A fertility clinic could be forced to stop its sperm donation service after new rules denying men the right to anonymity.
A shortage of sperm donations threatens the service
The Cardiff Assisted Reproduction Unit used to have between 17 and 19 sperm donors registered, but now has just two regulars.
Staff at the clinic have blamed new rules which will allow donors to be identified from next April.
They fear the service may have to end unless more volunteers are found.
The donors, who get expenses of £17.50 for every donation they make, are allowed to father only 10 children.
Staff at the clinic, which provides help for childless couples throughout south Wales - both NHS and private patients - are concerned that once the two remaining donors reach their 10-pregnancy limit, there will be noone to replace them.
Staff nurse Lorraine Goacher said sperm banks in the rest of the country were also facing a shortage in donor supplies.
"We have had a lot to do with [sperm banks in] Liverpool and London and the service has practically dried up," she said.
"We have never had any problem buying what we need before, but last month when we rang up they said they supplies were limited."
From April 2005, any man wishing to donate sperm has to be prepared to be identified - in case any future offspring want to trace them.
It also means that a child born as the result of egg donation will be able to track down the genetic mother.
Staff at the clinic, which has been offering the service for 25 years, believe the new rules have put men off.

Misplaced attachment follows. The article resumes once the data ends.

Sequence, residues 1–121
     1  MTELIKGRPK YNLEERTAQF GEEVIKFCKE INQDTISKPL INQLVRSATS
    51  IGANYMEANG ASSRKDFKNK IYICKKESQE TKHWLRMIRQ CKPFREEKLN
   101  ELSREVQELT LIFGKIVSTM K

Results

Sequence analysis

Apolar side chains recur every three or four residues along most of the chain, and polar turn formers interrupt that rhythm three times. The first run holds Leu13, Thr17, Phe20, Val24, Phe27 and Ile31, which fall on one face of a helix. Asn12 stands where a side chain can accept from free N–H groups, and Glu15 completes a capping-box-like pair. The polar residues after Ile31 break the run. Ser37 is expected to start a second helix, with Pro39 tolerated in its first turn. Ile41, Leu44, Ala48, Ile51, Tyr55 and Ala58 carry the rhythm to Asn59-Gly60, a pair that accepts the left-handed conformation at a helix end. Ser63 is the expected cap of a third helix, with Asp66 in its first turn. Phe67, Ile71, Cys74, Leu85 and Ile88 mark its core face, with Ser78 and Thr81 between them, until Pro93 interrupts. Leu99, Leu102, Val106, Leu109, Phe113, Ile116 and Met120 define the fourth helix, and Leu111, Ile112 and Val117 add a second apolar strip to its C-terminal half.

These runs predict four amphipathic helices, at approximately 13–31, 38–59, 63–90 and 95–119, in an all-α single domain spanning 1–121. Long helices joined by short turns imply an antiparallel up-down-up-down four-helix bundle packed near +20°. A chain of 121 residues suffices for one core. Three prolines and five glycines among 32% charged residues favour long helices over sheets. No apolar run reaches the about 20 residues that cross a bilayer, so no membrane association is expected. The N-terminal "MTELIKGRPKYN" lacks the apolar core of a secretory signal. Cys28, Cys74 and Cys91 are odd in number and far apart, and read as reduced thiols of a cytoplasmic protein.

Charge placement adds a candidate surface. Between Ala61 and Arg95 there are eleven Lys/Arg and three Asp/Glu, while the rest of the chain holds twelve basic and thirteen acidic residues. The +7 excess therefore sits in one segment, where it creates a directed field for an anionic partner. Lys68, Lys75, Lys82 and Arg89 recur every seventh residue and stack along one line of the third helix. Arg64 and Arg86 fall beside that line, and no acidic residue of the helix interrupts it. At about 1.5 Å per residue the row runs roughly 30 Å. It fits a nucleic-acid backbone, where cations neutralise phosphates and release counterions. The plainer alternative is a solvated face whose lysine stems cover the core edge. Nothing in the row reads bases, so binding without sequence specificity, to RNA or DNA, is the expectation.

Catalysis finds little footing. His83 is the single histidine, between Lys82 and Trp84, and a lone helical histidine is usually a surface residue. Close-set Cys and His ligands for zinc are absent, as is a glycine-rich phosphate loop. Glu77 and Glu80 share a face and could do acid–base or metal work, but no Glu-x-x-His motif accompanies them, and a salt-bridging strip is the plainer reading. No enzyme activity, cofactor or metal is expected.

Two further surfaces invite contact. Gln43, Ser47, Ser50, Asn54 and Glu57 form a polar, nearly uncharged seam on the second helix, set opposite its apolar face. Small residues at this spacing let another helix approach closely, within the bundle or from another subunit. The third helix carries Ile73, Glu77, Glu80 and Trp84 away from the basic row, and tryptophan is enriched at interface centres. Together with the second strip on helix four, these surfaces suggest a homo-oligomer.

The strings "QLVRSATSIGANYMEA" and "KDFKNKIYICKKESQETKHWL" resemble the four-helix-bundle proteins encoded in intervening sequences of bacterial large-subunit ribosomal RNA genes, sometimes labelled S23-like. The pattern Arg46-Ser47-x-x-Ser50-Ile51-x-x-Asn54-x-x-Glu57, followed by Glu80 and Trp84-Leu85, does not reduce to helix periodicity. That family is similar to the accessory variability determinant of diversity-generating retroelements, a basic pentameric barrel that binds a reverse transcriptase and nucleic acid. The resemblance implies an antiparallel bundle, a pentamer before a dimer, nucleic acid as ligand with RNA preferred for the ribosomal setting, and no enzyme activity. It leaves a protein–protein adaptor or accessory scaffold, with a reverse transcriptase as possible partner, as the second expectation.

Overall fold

They are concerned for the couples who are on the 100-strong waiting list whose only chance of conceiving is through the donor insemination programme.
"We may be forced to stop the donor programme," said Ms Goacher. "It is a real threat."
"Some of the people who come here have been through such a lot already, some with major problems like cancer, for example.
"This is a very successful programme - sperm donation is one of the most successful treatments.
"To think that these people are not going to have the chance is very sad," she said.
Elfed Williams of Infertility Network UK, a charity to help childless couples, said: "A lot of couples are waiting to have the treatment and it is heartbreaking that, because of the new rules, their chances of having treatment is diminished.
"I don't think that the government have thought it through properly.
"I think the problem is going to be widespread - Cardiff is not going to be an isolated case.
"We have got a number of couples telephoning us, trying to find out what the situation is going to be, and it is extremely disappointing for them because a lot of them have been waiting a long time," he added.